Check out the video of the Chinese factory where these are made: http://abcnews.go.com/search?searchtext=bodies%20exhibit%20china&from=0&to=9&type=video
  • West Coast Born and Raised:

    Does the Nuvo reporter have to visit the German Holocaust crematoriams to be able to write about the evil of the Nazis?

    The evidence (or lack of it on Premier Exhibitions part) to refute that these bodies are not Chinese prisoners, that they died of natural causes, that the deceased or their family members gave consent for PE to publicly exhibit their bodies for hundreds of millions in profits, and that the bodies were legally and not fraudulently shipped into the USA.

    To quote Rabbi Lewis Felstein: “I see a society that has turned death into entertainment. And what was once filled with love and hope and life and caring is just now the thing an audience can be entertained with.”

    WCBR, if after bought your ticket to BTE and just when you were about to enter the exhibit they told you the bodies were actually plastic mannequins and not real humans, would you have still gladly paid your $25 and would you have thought it so educational, eye-opening and quite amazing?

    IF that's the case, I'm sure Premier Exhibitions could have made plastic mannequins for a lot less. I'm assuming you work for a big corporation where profits (and particularly your share of those profits) is king.
  • I attended this exhibit in New York over a year ago. I was impressed at the atmosphere of reverence for the bodies from everyone, from children to teenagers to adults. There was no disrespect or entertainment about it. In my opinion, anyone seeing this come away with a feeling of awe at the complexity of the body and how it works. Everyone would benefit from seeing it.
  • I've always been disturbed by exhibitions of ancient mummified remains, because I feel as though someone's grave has been robbed. I won't be visiting the Claypool exhibit for similar reasons: the bodies can't be said to have been used with consent. My understanding is that the State Museum exhibit is unique in that the subjects gave their consent while they were still alive, which makes all the difference in the world. That's education I can embrace.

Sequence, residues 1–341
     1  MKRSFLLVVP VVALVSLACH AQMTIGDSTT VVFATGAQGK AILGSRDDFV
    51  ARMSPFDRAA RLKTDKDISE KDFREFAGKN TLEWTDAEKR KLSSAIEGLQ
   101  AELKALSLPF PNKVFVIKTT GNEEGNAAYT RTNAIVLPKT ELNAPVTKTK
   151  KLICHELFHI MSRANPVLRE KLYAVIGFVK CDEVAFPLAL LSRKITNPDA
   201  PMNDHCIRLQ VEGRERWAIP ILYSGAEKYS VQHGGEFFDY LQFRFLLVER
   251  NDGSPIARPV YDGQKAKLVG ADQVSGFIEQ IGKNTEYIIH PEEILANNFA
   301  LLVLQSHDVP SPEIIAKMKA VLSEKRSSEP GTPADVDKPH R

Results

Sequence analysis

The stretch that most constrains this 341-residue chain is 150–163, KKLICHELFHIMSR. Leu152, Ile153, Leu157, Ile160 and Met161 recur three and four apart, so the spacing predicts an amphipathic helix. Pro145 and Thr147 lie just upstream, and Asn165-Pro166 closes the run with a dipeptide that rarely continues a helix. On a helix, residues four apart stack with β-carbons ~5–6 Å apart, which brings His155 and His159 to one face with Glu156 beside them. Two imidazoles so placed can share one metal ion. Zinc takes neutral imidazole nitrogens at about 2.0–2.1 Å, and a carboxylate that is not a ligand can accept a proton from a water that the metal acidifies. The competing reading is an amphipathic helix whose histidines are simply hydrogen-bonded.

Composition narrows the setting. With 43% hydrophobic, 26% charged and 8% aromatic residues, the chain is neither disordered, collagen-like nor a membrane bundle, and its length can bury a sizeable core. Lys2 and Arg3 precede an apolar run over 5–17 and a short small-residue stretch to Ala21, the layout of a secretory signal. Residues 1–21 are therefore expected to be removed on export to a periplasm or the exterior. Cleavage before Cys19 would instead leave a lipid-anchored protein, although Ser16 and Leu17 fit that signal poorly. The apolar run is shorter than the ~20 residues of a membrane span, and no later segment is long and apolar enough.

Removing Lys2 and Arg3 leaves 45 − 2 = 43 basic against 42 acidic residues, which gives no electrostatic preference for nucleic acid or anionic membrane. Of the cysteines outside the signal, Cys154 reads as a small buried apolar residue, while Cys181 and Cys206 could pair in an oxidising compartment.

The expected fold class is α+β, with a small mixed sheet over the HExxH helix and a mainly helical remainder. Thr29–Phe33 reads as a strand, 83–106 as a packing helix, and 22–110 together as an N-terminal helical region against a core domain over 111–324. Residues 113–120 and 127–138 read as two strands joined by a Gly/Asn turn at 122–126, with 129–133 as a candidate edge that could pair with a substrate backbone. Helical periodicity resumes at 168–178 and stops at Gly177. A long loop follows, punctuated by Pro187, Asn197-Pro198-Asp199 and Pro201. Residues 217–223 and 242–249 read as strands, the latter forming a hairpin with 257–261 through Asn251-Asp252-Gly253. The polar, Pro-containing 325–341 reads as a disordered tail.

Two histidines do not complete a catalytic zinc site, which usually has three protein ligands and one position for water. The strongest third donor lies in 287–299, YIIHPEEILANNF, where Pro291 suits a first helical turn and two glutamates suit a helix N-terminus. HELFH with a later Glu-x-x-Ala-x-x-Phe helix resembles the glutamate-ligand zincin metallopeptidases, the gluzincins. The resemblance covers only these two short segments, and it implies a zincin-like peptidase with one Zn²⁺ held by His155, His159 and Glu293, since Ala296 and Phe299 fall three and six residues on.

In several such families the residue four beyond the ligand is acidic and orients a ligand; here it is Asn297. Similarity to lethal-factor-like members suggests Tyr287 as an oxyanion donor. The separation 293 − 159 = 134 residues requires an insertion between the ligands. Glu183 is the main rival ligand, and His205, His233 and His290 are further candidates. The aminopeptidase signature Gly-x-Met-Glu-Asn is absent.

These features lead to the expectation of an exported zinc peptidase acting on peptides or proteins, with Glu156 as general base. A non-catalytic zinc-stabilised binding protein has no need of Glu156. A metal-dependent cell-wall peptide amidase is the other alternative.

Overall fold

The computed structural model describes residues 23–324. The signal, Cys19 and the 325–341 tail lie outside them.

• My opinion is this.... if people are willing to go out of their way to see these things, why deny them? If other people do not want to take part in it, then do not! It's as simple as that.
  • I saw the Bodies exhibit in Seattle with my boss, a Chinese woman. We went for educational purposes because we worked in the medical field. It was fascinating and very educational.

    At the time, the controversy was just coming to light, so we heard of the questionable origin only after we bought our tickets. Would I go now that I know more of their questionable origin? Probably not.
  • I saw the exhibit with my daughter, who is studying to be a science teacher. We both found the experience highly instructive, and it gave us a new sense of respect for the marvelous machines that are our bodies. And, after seeing the effects of smoking on the preserved lungs, I will never pick up a cigarette again. It sounds as though the cadavers were harvested from tragic circumstances, but perhaps some good outcome will prevail.